The average Canadian owes nearly $23,000 in personal debt. Including mortgages, in 2017, Canadians’ collective household debt increased 6% annually to $1.8 trillion. Even the U.S. is taking on record levels of debt. They’ve hit an all-time high of overall household debt owing $13.54 trillion by the end of 2018 in mortgages, student loans, and credit cards, according to the Federal Reserve Bank of New York.
The sheer stress of debt has been linked to depression, high blood pressure, suicide, and stroke, among other serious health and wellness concerns. But there is hope and there are debt solutions—some more clever, sustainable, and outside-of-the-box than others.
4 outside-of-the-box debt solutions
1. Seek credit counseling and debt advice
If you’re in debt and looking for solutions, your first step should be to seek advice. Before you make any moves, educate yourself on your options and weigh the pros and cons of every decision. Arm yourself with knowledge.
There are many online resources as well as for-profit and nonprofit credit counseling agencies that offer financial advice. Bring your questions on budgeting, debt management plans, student loan counseling, personal financial advice, and homeownership counseling, among other topics. At Progressa, we also offer counseling services as we ensure that every potential loan works for both parties before entering into any agreements.
Here’s a recent blog post of ours that discusses when to seek credit counseling and debt advise—and where to look—more thoroughly.
2. Tackle your debts faster with bi-weekly payments
The easiest and quickest debt solution may, unfortunately, be the most obvious and trickiest depending on your personal financial situation. Rather than paying off your debts monthly, pay as much as you can afford bi-weekly. If your debt is big enough, for example, if you have a mortgage to pay, the quicker you pay it off the less interest you’ll have to pay. This could save you thousands of dollars in interest just by shortening payment period.
Of course, this may require you to make some adjustments to your monthly expenses, buying habits, and even boost your income. Here’s a simple-to-follow blog post that might help you manage your finances and debt more efficiently.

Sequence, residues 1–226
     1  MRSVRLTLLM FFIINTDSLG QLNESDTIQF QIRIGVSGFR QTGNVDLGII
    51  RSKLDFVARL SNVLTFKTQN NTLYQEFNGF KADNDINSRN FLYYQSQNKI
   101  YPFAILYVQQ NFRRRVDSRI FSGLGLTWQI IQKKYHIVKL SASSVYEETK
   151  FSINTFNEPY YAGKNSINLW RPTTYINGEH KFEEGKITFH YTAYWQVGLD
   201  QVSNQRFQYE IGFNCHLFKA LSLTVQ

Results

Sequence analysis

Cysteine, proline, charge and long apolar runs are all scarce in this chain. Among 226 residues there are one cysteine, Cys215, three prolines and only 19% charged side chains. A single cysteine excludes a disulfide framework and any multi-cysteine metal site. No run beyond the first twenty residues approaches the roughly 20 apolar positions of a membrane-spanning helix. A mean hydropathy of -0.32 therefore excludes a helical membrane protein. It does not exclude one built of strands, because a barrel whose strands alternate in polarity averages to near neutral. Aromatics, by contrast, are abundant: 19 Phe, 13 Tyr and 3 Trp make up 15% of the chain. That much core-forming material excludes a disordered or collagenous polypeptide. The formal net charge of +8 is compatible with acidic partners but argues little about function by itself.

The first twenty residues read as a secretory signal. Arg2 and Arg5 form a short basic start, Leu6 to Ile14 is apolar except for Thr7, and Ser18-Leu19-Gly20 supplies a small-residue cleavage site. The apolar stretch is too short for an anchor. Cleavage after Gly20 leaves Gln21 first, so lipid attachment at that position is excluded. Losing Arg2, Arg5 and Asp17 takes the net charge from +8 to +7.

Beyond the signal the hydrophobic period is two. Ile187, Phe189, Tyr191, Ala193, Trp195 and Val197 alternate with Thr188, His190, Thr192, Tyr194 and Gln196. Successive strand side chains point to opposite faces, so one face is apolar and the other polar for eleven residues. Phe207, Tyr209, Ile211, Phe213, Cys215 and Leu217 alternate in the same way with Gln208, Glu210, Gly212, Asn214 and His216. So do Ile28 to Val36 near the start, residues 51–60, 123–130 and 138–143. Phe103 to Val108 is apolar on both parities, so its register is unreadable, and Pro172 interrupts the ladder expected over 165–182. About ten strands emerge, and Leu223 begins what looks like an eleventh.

3.Consolidate your debt
In a recent blog post called Debt Management Solutions for Millennials, we discussed the popular ways to tackle debt: debt stacking or the “snowball method.” The challenge with both of these methods is that debt most often doesn’t just come from one source.
By the time you’re burdened with debt, you likely owe on several credit cards, bills, student loans, mortgage payments, and more. All of which of course have their own minimum payments, due dates, and interest rates. If that’s the case, it may be wise to look into consolidating your debts into one large bi-weekly or monthly payment with a lower interest rate.
Here’s an article we wrote on how to discover whether it makes sense for you to pay off debt with a loan—and another on how to consolidate your debt.
4. Consider a consumer proposal before bankruptcy
If the other options don’t work for you, before heading straight for bankruptcy, another debt solution to consider, though not at all lightly, is a consumer proposal. In 2017, 64,229 Canadians filed consumer proposals.
What does this mean? A consumer proposal is a useful legal process for when you don’t qualify for debt consolidation loan or debt management program—and you don’t want to file for bankruptcy.
Unlike in bankruptcy, you can keep your assets when you file a consumer proposal. There’s also no interest, you pay less than you owed, and you can avoid bankruptcy. However, not everyone qualifies for this and you will still have a permanent, searchable record of insolvency. Plus it affects your credit score and has a high rate of recidivism—that is, without financial knowledge and counseling, one in five people end up repeating the process.
The author Sam Milbrath
Sam Milbrath is a freelance copywriter and brand marketer. When she isn’t writing for brands or doing her own creative writing, she’s exploring, taking photographs, gardening and doing pottery. Check out her work at www.sammilbrath.com